The Role of Modern Communications in an Integrated Care System

The NHS Integrated Care System (ICS) aims to remove existing silos between hospitals and Primary Care, physical and mental health services, NHS and council services, and instead deliver the support people need in the form of a joined-up health and care service from local councils, the NHS, and other partners.
This approach presents healthcare providers with the opportunity to explore new service workflows and technologies as they seek to keep up with evolving patient expectation and demands.
The communications challenge
To successfully meet patient health and care needs, an ICS should consider how to best improve patient visibility and patient access across all care services in their region. Modern communications and collaboration services can potentially play a pivotal role with this. Technology solutions that can help ease the administrative burden on staff and patients are especially valuable - anything that can alleviate the frustrating time-demands that get in the way of health service access and provision has to be a win.
For example, the automation of certain patient services such as management of appointments, renewal of prescriptions, service-payments, or even some medical triaging could be beneficial for patients and hospital administrative staff. Likewise, improving clinical staff mobility using smartphones enabled with role-based communications that are integrated with a hospital’s electronic health records, will help to improve care-team reachability and ultimately improve patient-facing engagement.
Think Connected
The challenge faced by ICSs is that, rather than solving pain points in isolation, they must both improve experiences at a local level and scale the solution across a whole region. They must enable secure and compliant cross-site communications and collaboration, as well as data sharing for integrated but remote multi-disciplinary teams in both primary, acute, and the wider community care area.
The answer is for healthcare providers to think connected about their communications services. When it comes to collaboration and communications, thinking connected is transformative because a well-designed system that spans the entire patient journey – before visit, during visit, after visit – has the potential to improve patient engagement and access to care, create a more satisfying patient experience, and enable team members to focus on the delivery of great care. In addition, this kind of joined-up communications system can foster cooperation and enable consistent experiences for both patients and staff across multiple Trusts and organisations not just between healthcare provides within an ICS.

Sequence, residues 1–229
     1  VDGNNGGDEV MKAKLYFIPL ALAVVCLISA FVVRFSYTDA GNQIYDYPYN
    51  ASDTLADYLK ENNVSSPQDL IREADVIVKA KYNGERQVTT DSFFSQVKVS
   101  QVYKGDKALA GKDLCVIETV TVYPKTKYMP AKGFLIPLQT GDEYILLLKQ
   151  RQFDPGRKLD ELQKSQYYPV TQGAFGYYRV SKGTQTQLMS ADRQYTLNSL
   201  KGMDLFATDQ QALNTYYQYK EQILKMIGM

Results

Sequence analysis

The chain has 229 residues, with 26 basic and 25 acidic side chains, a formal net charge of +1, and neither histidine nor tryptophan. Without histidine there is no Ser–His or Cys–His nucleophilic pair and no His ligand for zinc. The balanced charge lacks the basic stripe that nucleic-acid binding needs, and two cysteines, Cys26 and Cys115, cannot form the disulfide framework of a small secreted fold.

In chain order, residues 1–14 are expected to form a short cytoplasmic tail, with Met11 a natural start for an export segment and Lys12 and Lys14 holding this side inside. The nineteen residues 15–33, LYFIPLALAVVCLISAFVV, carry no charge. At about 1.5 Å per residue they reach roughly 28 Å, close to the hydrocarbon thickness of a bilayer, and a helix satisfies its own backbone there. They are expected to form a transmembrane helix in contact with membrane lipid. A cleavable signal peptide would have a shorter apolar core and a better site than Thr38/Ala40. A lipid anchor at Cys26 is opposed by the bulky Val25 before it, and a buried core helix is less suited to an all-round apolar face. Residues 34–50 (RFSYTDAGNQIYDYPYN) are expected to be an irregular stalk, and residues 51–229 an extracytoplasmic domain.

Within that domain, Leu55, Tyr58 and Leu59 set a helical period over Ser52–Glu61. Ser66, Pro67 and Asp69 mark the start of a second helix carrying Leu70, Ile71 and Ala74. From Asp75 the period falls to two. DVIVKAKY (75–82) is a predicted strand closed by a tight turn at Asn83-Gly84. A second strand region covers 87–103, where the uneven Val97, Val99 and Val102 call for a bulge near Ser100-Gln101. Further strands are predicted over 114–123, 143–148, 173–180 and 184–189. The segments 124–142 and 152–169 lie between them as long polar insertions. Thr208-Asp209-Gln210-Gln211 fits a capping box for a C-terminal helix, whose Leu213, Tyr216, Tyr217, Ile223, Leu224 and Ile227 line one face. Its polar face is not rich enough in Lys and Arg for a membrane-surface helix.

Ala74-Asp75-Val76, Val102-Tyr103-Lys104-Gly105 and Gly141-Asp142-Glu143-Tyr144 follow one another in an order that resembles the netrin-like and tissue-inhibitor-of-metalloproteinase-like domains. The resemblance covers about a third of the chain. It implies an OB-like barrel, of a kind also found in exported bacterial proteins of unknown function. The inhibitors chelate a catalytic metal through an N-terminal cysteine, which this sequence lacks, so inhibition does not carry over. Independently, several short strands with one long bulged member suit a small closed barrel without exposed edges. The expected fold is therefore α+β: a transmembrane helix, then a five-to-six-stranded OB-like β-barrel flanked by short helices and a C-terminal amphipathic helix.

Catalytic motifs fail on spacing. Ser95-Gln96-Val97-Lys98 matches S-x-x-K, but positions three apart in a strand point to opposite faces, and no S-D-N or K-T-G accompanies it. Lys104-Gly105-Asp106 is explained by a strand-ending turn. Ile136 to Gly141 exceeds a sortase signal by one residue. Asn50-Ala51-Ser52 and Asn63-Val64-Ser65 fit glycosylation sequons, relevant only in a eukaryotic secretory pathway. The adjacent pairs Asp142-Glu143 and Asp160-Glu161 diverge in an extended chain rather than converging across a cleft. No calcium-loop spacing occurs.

An ICS that thinks connected across all its healthcare providers is not only aiming to improve patient outcomes. By using communications and collaboration services to ‘join the dots’ in practical ways between an NHS Trust and other organisations within an ICS body, duplication can be avoided which will help maximise return on investment.
Steppingstones to Digital Transformation
The idea of digital transformation can be daunting, especially if there is an all-or-nothing mindset. Instead, it can be helpful to take a ‘steppingstone’ approach that focuses on future-proofed, coordinated solutions that address the specific challenges currently being experienced by patients and staff.
Communications and collaboration services are foundational first steps in a steppingstone approach of the digital evolution of health services and there are three key practice areas where they will help maximise the positive transformation of the patient and staff experiences and engagement:

Improving patient access to care
The best communications and collaboration solutions enable more compelling and engaging remote patient treatments and monitoring whilst continuing to maintain quality of care as well as secure, reliable access to healthcare services over existing, and new, digital communication channels such as video and chatbots. Ensure the solution can integrate and interoperate with patient data and enable effortless, non-repetitive, digital data capture and organisation. The management of administrative services such as appointments, prescriptions, test-results, and referrals should work in a way that suits all parties as well as provide controllable access to clinicians and specialists.
Creating a better patient experience
The aim is to be able to integrate digital therapeutics across a range of communications and collaboration systems and devices to create scalable, on-demand services without overwhelming staff. This involves making digital services understandable and accessible to all patients, no matter what their age or technical proficiency, and the ability to create more personalised care experiences, rooted in scientific understanding, which can be scaled cost-effectively.
Enabling team members to focus on great care
By removing silos and complexities from Trust-wide communications and collaboration services, inefficiencies across calendars and roles can be reduced along with resource reachability and better usage, which in turn reduces wait, diagnosis, and treatment times. At the same time, this helps maximise specialist resource utilisation for where it is needed.
Find out more about how thinking connected is enabling healthcare providers to streamline essential services, improve employee experiences, and enhance patient care by interconnecting and scaling their systems across multiple regions. Start the journey by benchmarking against industry standards to establish readiness for implementing foundational stepping stones and learn actionable insights and recommendations.